I don’t know if it’s better for you to plunge straight through a first draft or edit as you go. But I previously wasted time trying to use a writing process that didn’t work for me, and I want other writers to feel free to do what works for them.
Moreover, some successful authors do edit as they go! Here are a few more quotes to consider:
“It takes me six months to do a story. I think it out and write it sentence by sentence—no first draft. I can’t write five words but that I can change seven.” ~ Dorothy Parker
“I’ve been a rolling-reviser since my earliest writing, back in the Jurassic Era before computers and word processors….It is part of my process because my backbrain simply will not cooperate if it isn’t really, really sure that what I have already written is a solid foundation for whatever is currently at the leading edge of the story.” ~ Patricia C. Wrede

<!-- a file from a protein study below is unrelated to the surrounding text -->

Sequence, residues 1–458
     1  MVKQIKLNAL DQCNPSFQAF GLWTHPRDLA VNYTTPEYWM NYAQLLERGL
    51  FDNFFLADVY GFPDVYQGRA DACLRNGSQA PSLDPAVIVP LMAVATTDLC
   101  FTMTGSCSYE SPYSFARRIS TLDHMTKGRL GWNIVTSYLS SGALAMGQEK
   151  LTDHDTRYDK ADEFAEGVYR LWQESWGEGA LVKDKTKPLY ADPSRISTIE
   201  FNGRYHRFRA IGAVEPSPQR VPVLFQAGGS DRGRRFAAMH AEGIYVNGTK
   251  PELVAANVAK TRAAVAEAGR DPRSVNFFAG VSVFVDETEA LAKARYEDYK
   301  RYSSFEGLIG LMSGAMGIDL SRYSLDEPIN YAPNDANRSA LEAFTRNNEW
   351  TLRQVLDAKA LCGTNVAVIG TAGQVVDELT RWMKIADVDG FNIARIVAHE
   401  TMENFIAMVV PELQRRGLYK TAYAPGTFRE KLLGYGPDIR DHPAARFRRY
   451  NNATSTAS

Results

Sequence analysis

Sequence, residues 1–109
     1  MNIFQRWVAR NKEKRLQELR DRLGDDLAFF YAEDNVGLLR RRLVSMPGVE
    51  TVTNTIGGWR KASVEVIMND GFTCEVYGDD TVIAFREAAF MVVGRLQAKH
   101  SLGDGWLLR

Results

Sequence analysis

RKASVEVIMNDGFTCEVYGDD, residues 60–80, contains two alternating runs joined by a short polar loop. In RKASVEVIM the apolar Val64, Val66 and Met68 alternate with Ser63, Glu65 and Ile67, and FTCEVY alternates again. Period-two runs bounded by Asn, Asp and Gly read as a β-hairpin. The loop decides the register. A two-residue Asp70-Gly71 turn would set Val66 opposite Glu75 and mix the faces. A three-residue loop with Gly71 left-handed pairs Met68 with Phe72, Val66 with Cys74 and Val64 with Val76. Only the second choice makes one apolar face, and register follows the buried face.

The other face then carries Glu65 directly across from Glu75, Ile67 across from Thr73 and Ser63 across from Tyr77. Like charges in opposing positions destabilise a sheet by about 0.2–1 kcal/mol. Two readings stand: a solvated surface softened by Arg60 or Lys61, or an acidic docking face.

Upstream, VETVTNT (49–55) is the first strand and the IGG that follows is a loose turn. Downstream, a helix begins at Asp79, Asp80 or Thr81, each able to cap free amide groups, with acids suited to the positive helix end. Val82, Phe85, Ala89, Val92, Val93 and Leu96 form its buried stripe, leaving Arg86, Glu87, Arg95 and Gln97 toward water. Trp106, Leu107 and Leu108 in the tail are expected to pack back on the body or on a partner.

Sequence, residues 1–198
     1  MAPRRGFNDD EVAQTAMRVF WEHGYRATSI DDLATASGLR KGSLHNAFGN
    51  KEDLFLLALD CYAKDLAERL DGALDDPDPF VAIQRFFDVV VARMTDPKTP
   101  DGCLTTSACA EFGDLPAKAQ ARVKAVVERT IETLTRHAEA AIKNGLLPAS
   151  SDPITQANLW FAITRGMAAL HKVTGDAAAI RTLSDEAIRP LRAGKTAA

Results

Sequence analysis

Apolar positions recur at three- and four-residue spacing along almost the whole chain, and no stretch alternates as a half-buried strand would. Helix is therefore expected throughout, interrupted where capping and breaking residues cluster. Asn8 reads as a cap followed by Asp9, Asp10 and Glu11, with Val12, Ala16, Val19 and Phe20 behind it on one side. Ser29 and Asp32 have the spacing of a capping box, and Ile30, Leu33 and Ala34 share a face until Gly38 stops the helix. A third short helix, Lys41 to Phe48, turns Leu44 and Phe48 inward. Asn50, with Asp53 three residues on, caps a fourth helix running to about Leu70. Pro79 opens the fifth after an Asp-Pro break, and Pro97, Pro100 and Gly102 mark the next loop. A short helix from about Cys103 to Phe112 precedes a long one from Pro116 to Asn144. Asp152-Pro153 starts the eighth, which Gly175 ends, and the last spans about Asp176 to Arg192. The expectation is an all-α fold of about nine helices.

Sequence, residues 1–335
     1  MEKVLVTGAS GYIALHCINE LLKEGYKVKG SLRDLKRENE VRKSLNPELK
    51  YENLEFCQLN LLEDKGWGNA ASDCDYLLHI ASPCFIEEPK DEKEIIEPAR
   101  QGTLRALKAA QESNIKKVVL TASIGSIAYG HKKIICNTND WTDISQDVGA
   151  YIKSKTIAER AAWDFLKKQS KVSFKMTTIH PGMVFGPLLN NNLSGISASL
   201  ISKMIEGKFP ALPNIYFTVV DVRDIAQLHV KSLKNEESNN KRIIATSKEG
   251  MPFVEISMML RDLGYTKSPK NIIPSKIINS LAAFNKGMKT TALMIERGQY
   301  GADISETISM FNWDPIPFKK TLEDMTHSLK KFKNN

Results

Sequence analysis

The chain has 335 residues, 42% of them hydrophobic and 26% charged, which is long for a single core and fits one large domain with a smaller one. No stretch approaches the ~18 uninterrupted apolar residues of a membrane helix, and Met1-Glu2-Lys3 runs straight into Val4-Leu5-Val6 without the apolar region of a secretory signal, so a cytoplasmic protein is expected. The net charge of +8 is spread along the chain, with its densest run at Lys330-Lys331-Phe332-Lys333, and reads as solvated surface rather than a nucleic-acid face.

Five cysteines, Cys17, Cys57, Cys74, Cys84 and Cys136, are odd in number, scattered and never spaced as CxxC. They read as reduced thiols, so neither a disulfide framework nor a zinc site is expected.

“Before I start to write, the night before—I mean, when I finish work at the end of the day, I go over the pages, the page that I’ve done that day, and I mark it up. And I mark it up and leave it until the morning, and then I make the corrections in the morning, which gives me a way to start the day…” ~ Joan Didion
“By the time I am nearing the end of a story, the first part will have been reread and altered and corrected at least one hundred and fifty times.” ~ Roald Dahl
Whatever process you adopt, you should get the book done. This post does not give you permission to spend fifteen years piddling, polishing, and perfecting a novel when you know you need to finish already. But I remain in defense of editing as you go as a perfectly acceptable process and truly valuable for many writers.
Do you write first and edit later, or do you edit as you go? Why or why not?
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Julie Glover writes mysteries and young adult fiction. Her YA contemporary novel, SHARING HUNTER, finaled in the 2015 RWA® Golden Heart® and is now on sale! When not writing, she collects boots, practices rampant sarcasm, and advocates for good grammar and the addition of the interrobang as a much-needed punctuation mark.